Fungal contamination of mobile phones of medical students from University of Belgrade, Serbia: a cross-sectional study

In our study, fungal contamination of students’ mobile phones was found in 32.11%, while 67.89% were negative for fungal contamination. In the study by Corley et al., who looked at cultivable microbial diversity on cellphone fungi found in 29%10. Similar results were reported from a study from Japan with a contamination of 31.7%.14A Nigerian study revealed that 30.6% of college students’ mobile phones were contaminated15th. On the other hand, some studies reported a much higher mobile phone contamination rate for medical students at 92%, but that was mostly due to bacterial contamination.7.

Based on our findings, the male students often had their cell phones contaminated with the fungus. Similar results were reported by a study from India that showed a higher rate of mobile phone pollution in males compared to females16. This can be attributed to better awareness of hand hygiene practices among female students compared to males16.

In this study, students with fungal contamination of their cell phones were much less likely to clean their phones compared to students negative for fungal contamination of cell phones. According to our results, lack of mobile phone cleaning was independently associated with fungal contamination of students’ mobile phones. Sailo and his colleagues found that cell phones that were never cleaned contained more microorganisms16. In a study from Saudi Arabia, 44.9% of people never cleaned their phones17Whereas in an Indian study, up to 97% of people do not routinely clean their cell phones7.

In our study, the majority of medical students clean their cell phones with alcohol, and a similar case was reported in a study by Perez-Cano where the most common cleaning methods were alcohol-based solutions.18. This is consistent with an Italian study where 38% of healthcare workers reported cleaning their cell phones occasionally with alcohol solutions after work activity.12. Smbert et al. found a zero percent contamination rate for departmental computer keyboards indicating that routine daily cleaning of a mobile phone may be sufficient to reduce device contamination with MDR-organisms19. This is consistent with the findings that cleaning cell phones with an antibacterial solution can significantly reduce contamination with microorganisms.20. In this study, no significant association was found between fungal contamination and the method of cleaning mobile devices.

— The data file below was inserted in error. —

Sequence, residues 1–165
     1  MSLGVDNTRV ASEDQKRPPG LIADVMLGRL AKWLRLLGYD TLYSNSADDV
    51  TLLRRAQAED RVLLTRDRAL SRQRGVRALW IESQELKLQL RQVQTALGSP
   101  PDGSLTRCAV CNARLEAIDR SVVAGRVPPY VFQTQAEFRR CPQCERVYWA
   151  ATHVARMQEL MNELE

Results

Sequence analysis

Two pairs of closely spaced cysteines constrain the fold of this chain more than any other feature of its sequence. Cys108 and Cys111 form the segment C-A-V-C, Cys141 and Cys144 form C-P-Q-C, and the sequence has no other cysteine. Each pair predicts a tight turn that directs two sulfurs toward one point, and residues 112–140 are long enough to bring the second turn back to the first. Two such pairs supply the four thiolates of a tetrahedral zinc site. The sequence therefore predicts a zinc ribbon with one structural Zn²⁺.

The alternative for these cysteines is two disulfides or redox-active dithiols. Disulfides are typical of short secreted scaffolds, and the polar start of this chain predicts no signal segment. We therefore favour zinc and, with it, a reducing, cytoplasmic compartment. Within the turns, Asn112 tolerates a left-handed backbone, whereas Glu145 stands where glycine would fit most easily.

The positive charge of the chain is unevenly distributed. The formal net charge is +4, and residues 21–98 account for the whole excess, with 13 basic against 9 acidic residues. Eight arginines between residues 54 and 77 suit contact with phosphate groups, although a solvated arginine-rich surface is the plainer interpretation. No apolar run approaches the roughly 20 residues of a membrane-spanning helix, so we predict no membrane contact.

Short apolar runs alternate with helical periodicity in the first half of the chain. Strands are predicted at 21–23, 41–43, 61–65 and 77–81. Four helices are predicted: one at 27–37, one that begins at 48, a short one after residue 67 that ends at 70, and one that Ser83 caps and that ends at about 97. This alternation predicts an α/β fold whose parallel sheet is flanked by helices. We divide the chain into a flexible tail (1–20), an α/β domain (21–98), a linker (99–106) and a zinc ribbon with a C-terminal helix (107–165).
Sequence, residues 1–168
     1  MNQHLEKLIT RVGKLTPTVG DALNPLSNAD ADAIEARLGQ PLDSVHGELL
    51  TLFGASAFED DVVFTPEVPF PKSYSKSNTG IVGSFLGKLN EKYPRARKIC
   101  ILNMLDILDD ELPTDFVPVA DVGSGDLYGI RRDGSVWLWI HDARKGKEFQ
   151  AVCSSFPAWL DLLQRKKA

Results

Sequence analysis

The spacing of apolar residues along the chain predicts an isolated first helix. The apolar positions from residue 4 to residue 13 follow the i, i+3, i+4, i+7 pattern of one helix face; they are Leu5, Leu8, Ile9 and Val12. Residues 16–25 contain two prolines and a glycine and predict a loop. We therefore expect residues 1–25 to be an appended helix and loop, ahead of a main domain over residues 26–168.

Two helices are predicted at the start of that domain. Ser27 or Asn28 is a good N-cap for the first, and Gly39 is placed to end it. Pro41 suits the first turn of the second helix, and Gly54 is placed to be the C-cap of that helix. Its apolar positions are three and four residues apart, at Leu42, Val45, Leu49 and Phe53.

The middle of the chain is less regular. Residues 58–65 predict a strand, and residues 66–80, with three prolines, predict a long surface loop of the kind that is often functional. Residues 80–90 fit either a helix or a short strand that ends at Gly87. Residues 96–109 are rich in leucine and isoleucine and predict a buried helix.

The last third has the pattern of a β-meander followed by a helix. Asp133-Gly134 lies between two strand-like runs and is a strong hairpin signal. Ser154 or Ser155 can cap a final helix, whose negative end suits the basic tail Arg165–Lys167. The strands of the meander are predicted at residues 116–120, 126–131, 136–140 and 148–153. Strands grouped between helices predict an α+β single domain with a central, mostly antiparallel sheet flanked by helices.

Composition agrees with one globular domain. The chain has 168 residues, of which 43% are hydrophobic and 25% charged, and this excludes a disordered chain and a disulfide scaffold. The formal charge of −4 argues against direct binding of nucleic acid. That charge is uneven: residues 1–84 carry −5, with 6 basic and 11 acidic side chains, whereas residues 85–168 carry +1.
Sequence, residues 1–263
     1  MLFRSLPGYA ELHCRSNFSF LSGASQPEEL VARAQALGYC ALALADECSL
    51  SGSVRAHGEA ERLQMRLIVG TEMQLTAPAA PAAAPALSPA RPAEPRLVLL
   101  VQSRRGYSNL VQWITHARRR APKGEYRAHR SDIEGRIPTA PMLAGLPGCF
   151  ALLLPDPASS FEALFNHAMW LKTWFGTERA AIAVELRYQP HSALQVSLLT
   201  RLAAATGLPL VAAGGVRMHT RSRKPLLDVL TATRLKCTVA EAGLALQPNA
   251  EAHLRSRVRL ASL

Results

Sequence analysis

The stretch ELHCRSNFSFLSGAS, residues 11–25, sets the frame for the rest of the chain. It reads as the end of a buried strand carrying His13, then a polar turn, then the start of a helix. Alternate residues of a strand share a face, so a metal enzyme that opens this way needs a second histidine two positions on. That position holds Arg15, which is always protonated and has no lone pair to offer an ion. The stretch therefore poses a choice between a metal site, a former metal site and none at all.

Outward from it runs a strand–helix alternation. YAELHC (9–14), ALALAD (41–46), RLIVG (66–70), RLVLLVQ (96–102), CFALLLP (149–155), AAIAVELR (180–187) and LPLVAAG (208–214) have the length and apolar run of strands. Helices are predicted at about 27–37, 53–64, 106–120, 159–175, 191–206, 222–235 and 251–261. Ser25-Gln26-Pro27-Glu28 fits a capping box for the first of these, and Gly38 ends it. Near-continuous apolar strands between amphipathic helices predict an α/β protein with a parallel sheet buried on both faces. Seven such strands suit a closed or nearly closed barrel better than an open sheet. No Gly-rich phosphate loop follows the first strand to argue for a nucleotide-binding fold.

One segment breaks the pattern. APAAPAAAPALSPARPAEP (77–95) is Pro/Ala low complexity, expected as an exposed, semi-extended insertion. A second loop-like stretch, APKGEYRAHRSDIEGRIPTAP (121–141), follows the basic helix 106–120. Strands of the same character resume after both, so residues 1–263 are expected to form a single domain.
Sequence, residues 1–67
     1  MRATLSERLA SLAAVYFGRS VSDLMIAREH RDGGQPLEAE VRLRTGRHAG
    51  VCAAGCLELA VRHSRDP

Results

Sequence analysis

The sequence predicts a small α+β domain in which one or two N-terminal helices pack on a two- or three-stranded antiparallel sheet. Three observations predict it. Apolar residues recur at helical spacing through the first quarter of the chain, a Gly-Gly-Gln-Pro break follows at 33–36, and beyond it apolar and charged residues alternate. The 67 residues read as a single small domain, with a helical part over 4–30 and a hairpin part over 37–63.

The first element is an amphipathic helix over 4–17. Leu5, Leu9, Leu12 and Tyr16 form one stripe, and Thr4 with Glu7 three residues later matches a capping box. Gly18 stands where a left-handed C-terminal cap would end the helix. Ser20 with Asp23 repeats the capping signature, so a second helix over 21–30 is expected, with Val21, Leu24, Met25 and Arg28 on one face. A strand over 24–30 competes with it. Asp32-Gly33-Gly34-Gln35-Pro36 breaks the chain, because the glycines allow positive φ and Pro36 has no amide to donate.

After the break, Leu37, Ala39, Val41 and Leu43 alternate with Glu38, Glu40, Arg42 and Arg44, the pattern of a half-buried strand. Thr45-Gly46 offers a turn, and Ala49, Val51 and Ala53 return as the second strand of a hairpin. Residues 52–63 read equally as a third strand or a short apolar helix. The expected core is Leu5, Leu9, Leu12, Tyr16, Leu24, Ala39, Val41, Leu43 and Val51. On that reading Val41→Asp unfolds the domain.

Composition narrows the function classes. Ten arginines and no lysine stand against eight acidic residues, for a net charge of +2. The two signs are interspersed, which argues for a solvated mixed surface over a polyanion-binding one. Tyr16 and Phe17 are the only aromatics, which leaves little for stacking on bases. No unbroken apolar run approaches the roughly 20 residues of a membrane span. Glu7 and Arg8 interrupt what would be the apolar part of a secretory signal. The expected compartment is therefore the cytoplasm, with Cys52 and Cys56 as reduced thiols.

Our results indicate that the use of mobile phones near patient beds in hospital wards is an independent risk factor for fungal contamination. Moreover, in our study, students with fungal contamination often carried their phones in their pockets at university. This is consistent with the findings that 88.4% of the participants kept their mobile phones in their pockets12. Zakai et al. found that all medical students use their mobile phones at work21. Constant handling of mobile phones near patients’ beds is confirmed by a study where 76% of healthcare workers used mobile phones while caring for patients.7. The use of mobile phones while caring for patients has significant health implications as microorganisms can be transmitted from patients to the mobile phones of healthcare workers and increase the risk of infection between them and their family members.7. Furthermore, 38% of cell phones altered the bacterial colonization of at least one microorganism by comparing swab results at the beginning and end of the work shift.12. However, proper hand washing and sanitization after caring for each patient is practiced by only 30% of health care workers7While some studies indicate that 60% do not wash their hands after using their cell phones12.

According to the results of the current study, students with fungal contamination of their cell phones often keep cell phones in random places in the house. Some studies have found a higher number of microorganisms on cell phones that were carried inside toilets16. This is consistent with findings that found a significant association between pollution level, use of mobile phones in toilets, and sharing17. Galazzi et al. did not find. Any difference in the colonization of cell phones by where the phones were kept but more importantly how the cell phone is handled from where it is kept.12. While the mobile phone itself provides a warm environment suitable for the growth of microorganisms, dark places such as pockets and handbags along with the long hours spent with cell phones can contribute to the growth of microorganisms due to constant handling22.

In our study, students with fungal contamination of their cell phones often view cell phones as a reservoir of infection. It has been proven that many microorganisms including viruses live on non-living surfaces for a long time23. The majority of microorganisms found on mobile phones are a transient group10, but different microorganisms can colonize inanimate and inert substrates by forming biofilms. The environment in which an individual lives and works may also influence the microbial diversity of mobile phones10. However, there is no evidence of a direct relationship between environmental pathogens on mobile phones and the rate of hospital-acquired infections24.